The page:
John Mincone, a native New Yorker, grew up on Long Island in a town called Dix Hills which is roughly 31 miles east of Citi Field. Mincone, played High School baseball in his hometown at Half Hallow Hills East and when it came time for college, he decided to go out of state, but after a few injuries that delayed his progress, he transferred to Suffolk CC West to be closer to his home and family. In 2009, with Suffolk, he was the Region 15 Player of the Year, All-American First Team member and Winning Pitcher in the Jr. College World Series.
Growing up on the Island, Mincone was a die-hard Mets fan and can remember his days of rooting for the team that played less than a half hour from his home, but when it came time for him to be drafted, it wasn’t the hometown team that came calling.
Mincone was drafted by the Chicago Cubs in the 11th Round of the 2009 June Amateur draft and even though he was scouted by the Mets in High School and College, he landed with an organization that took him by surprise, “The Cubs kind of came out of nowhere. They were one of the teams that I didn’t have much contact with throughout the season.” Mincone continues, “At the same time, I was a 19 year old kid and I had a lot of growing up and maturing to do; so on some levels I’m glad I had a chance to work a lot of that stuff out before coming over to the Mets.”
Prior to Mincone living out his dream of playing in the Mets organization, his career took a detour for a few seasons.
In 2009, after signing with the Cubs, the lefty pitched in only three games in rookie ball in Arizona and went 2-0, with a 3.12 ERA, with 7 strike outs in 8.2 innings.
In 2010, he was promoted to Class A- and limited to 6 games, where he was 0-3, with a 4.18 ERA with 16 strike outs in 23.2 innings. On July 23, 2010, he tore the ACL and meniscus in his right knee, which required surgery and he missed the rest of the season.
The following March, Mincone was released by the Cubs which was something he didn’t expect, “Coming off of ACL/Meniscus reconstruction, I was rehabbing out at the teams facility in Arizona when I got the call from my dad that his cancer had come back and he would be undergoing chemo and radiation treatments again.” He continues, “After talking to player development, they agreed to let me continue my rehab back home so I could assist my mom with my younger brothers while my dad was going through all of this. I don’t know the exact reason why, but baseball is a business, and the day after I returned to Arizona and was cleared to play they handed me a ticket back home.”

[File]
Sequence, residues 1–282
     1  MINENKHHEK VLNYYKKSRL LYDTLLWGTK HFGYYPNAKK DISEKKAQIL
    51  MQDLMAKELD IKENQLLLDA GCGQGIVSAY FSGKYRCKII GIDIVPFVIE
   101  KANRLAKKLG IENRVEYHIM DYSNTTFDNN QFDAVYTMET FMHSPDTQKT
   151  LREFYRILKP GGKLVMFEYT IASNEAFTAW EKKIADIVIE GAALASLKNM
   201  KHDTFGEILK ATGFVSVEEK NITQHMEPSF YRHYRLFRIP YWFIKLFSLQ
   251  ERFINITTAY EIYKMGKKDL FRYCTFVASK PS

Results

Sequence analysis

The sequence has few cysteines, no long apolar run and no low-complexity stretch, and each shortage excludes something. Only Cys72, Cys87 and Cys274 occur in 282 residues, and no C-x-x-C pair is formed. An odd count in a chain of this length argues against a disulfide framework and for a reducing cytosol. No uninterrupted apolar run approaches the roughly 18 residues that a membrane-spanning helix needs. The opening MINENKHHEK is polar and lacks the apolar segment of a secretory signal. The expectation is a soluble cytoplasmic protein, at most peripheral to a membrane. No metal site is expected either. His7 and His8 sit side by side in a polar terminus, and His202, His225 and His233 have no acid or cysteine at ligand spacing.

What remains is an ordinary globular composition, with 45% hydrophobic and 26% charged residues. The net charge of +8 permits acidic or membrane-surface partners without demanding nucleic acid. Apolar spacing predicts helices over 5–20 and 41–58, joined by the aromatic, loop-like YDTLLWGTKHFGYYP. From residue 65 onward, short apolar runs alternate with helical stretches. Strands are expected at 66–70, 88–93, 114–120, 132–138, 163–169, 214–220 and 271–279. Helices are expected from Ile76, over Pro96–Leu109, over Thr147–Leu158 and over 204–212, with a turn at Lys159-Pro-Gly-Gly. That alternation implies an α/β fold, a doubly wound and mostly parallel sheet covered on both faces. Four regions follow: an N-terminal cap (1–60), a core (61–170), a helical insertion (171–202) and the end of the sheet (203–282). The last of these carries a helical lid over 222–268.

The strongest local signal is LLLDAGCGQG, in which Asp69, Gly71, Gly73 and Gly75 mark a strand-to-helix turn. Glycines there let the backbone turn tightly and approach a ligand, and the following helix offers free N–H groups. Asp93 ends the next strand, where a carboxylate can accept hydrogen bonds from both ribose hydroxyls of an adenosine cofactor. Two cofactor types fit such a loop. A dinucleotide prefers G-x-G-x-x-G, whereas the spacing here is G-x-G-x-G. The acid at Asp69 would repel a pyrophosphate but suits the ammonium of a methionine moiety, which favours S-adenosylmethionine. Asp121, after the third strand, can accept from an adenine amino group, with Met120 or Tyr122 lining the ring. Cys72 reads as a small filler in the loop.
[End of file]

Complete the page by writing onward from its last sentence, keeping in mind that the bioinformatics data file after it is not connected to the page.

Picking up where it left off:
In 2011, he signed with the Windy City Thunderbolts in the Independent league and in 6 games, he went 1-2, with a 4.61 ERA with 8 strike outs in 13.2 innings.
Even though his pro career took him through the Indy leagues, he never gave up on his dream, “Never. As hurt as I was about the release, I knew I still had plenty left in my arm, and just needed a chance to show teams,” shares Mincone.
Due to a decline in his father’s health, he returned home to care for his family and in August of 2011, he lost his father to cancer and his baseball career was put on hold.
In 2012, the Mets became a huge part of Mincone’s life when he needed it the most, “The Mets signed me at the absolute lowest point in my life, and to be honest, they helped me through it big time. Two weeks after my father passed away, a Mets scout that had been following me since I was 14, Larry Izzo, called me to wish my family and I his condolences.”
“He spent a lot of time with my dad around all my high school and college games. He asked how the knee and arm were doing and invited me to an open workout he was doing at a local school. When the Mets signed me, I knew how happy it would have made my dad, and I got the chance to tell my grandfather and see the look of joy on his face before his passing as well. It is just such a blessing to be part of an organization that has meant so much to my family.”
That summer, Mincone was sent to Brooklyn to start his pro career with the team he grew up rooting for.
“It feels incredible. Growing up, going to Mets games with my parents and brothers; I always dreamed of playing in the blue and orange, in front of the greatest fans in the world in Queens,” says the lefty.
Who would not be excited, to not only root for your favorite team, but to actually get a chance to play the game you love in front of family and friends, is truly a dream come true.
“You know, it was always a dream for me. Whenever I was a little kid playing in the backyard pretending to hit the World Series winning Grand Slam or striking out the last batter of the World Series, it was always as a Met.” Mincone continues, “I’m pretty sure the grand slam part is out the window now, but I still lay in bed some nights going over that last pitch scenario, and how great it would be to bring a World Series title back to Flushing.”